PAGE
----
Posts Tagged ‘ Architecture ’

Microsoft Robotics Developer Studio Components

The Microsoft Robotics Developer Studio SDK consists of a number of components.
  • The Concurrency and Coordination Runtime (CCR).
  • Decentralized Software Services (DSS) comprise the run – time environment.
They are both managed libraries, so the robotics services that operate within their environments are also implemented using managed code.
  • The Visual Simulation Environment is a 3D simulator with full physics simulation that can be used to prototype new algorithms or robots.
  • The Visual Programming Language (VPL) is a graphical programming environment that can be used to implement robotics services.
In addition to all of these components, the MRDS team has implemented numerous samples and complete applications to provide programming examples and building blocks for user applications.

Henrik Frystyk Nielsen on the Restful architecture of Microsoft Robotics Studio

Henrik Frystyk Nielsen used to work for the World Wide Web Consortium on some key pieces of infrastructure including the HTTP specification and libwww. He left the W3C in 1999 and now works for Microsoft where his current project is Robotics Studio, whose tagline is: “A Windows-based environment for academic, hobbyist and commercial developers to easily create robotics applications across a wide variety of hardware.” What that description doesn’t tell you, but today’s screencast shows, is that the Robotics Studio is based on a RESTful architecture, and that applications are built by composing lightweight services in ways that will be instantly familiar to every web developer.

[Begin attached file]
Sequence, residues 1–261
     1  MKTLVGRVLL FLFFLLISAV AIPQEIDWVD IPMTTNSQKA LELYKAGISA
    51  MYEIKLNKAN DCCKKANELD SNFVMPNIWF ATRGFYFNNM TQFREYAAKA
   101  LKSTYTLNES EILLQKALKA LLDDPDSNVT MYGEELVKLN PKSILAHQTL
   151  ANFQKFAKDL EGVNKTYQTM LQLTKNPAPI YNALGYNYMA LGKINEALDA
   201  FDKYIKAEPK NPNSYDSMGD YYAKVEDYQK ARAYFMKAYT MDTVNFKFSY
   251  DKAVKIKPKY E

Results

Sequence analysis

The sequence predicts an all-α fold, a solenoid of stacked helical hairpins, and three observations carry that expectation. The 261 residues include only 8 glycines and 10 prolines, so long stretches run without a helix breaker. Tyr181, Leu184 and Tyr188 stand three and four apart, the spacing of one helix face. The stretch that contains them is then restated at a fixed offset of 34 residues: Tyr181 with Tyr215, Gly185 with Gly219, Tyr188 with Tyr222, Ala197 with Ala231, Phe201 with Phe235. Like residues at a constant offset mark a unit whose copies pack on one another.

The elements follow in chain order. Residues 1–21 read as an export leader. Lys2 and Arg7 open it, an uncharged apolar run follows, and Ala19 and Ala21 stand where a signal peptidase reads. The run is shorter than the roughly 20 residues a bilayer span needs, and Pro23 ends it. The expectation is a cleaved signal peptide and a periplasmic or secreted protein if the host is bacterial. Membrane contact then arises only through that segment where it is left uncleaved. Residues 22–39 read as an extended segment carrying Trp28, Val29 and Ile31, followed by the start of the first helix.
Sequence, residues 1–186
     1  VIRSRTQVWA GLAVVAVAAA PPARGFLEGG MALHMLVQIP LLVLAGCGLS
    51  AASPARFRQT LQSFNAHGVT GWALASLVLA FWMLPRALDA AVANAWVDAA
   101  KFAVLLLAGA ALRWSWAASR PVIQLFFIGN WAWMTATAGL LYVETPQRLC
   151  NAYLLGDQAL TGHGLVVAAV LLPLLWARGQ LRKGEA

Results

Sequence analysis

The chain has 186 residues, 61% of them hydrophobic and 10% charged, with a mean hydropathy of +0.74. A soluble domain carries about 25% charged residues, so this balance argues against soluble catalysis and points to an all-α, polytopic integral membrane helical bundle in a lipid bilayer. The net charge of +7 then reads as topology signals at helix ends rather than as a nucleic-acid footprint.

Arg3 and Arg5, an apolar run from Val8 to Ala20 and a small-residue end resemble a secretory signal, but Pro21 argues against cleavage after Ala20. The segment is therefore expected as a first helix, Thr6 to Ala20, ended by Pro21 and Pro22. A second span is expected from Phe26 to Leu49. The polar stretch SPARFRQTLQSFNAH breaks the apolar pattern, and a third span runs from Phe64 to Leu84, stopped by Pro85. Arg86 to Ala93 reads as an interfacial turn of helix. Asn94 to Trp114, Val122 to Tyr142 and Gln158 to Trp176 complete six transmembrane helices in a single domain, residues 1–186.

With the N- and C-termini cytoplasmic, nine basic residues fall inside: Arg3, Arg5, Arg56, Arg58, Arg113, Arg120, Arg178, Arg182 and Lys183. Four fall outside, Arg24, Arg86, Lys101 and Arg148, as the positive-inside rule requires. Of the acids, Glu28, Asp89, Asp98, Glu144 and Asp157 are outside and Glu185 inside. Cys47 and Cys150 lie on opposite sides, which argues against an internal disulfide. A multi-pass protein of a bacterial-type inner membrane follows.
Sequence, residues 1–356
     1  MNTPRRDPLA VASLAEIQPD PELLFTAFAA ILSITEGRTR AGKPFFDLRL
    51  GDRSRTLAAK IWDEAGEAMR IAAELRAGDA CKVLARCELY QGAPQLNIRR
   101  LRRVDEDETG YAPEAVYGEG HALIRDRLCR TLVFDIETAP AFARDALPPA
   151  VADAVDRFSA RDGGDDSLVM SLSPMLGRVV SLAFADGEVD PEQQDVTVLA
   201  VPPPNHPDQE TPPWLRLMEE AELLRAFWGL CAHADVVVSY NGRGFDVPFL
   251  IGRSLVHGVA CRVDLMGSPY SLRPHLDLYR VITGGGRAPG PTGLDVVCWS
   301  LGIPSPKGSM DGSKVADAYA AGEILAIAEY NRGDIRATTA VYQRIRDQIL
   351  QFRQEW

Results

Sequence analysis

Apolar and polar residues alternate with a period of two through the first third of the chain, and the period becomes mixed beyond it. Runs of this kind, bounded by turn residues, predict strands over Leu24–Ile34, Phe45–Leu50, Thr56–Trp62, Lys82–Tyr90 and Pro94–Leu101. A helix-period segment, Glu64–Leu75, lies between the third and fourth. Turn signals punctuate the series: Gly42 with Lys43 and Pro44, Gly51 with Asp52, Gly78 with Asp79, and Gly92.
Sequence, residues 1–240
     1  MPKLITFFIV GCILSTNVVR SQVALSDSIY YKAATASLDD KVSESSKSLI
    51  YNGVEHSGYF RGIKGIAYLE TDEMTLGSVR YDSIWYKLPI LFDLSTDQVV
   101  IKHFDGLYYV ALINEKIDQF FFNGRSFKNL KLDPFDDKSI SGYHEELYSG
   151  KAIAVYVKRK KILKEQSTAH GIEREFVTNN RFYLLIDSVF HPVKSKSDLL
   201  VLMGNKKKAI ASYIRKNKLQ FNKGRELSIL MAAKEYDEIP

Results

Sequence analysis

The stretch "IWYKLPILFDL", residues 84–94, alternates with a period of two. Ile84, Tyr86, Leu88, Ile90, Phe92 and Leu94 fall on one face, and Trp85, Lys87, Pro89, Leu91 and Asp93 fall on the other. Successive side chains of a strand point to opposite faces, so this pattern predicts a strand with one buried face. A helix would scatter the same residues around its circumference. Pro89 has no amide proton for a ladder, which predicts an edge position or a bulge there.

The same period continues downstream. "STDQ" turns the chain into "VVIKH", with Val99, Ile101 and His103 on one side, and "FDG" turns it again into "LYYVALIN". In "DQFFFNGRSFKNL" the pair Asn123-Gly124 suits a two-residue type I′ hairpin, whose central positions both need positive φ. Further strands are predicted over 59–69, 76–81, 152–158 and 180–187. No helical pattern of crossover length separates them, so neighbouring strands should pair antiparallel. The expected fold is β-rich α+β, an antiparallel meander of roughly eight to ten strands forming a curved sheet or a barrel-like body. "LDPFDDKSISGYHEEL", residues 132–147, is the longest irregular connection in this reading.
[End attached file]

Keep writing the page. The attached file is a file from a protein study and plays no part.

To drive home that point, much of the action in this screencast occurs in a web browser, where you’ll see Henrik explore a distributed directory of services and view XML snapshots of the current state of bumpers, cameras, and laser range finders.

From a read-only perspective it’s all HTTP GET, and you can do things like subscribe to robotic sensors using RSS feeds. When you control a robot, SOAP is used to optimize fine-grained updates. But either way it’s a loosely coupled and late bound system that leverages the fundamental flexibility of web architecture in a very different domain. In one compelling demonstration of that flexibility, you’ll see a generic controller — which had been controlling the robot in Henrik’s office with no prior knowledge of the device, purely by interface discovery — switch over to a simulated robot and drive it by means of the same kind of discovery.

Jon Udell Original Article

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